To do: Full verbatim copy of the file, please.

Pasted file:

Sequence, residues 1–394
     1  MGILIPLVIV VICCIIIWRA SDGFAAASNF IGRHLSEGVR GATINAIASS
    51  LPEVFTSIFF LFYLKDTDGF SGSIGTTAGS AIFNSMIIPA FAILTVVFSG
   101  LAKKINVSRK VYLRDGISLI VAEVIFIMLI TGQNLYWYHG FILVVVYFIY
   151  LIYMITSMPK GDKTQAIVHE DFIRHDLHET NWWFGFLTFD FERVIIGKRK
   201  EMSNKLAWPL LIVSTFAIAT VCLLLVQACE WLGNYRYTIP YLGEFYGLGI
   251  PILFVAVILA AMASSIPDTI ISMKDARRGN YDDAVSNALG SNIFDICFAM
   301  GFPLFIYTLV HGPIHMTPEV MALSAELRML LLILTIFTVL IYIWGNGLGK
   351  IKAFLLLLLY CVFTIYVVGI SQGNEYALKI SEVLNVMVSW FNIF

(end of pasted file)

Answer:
Sequence, residues 1–394
     1  MGILIPLVIV VICCIIIWRA SDGFAAASNF IGRHLSEGVR GATINAIASS
    51  LPEVFTSIFF LFYLKDTDGF SGSIGTTAGS AIFNSMIIPA FAILTVVFSG
   101  LAKKINVSRK VYLRDGISLI VAEVIFIMLI TGQNLYWYHG FILVVVYFIY
   151  LIYMITSMPK GDKTQAIVHE DFIRHDLHET NWWFGFLTFD FERVIIGKRK
   201  EMSNKLAWPL LIVSTFAIAT VCLLLVQACE WLGNYRYTIP YLGEFYGLGI
   251  PILFVAVILA AMASSIPDTI ISMKDARRGN YDDAVSNALG SNIFDICFAM
   301  GFPLFIYTLV HGPIHMTPEV MALSAELRML LLILTIFTVL IYIWGNGLGK
   351  IKAFLLLLLY CVFTIYVVGI SQGNEYALKI SEVLNVMVSW FNIF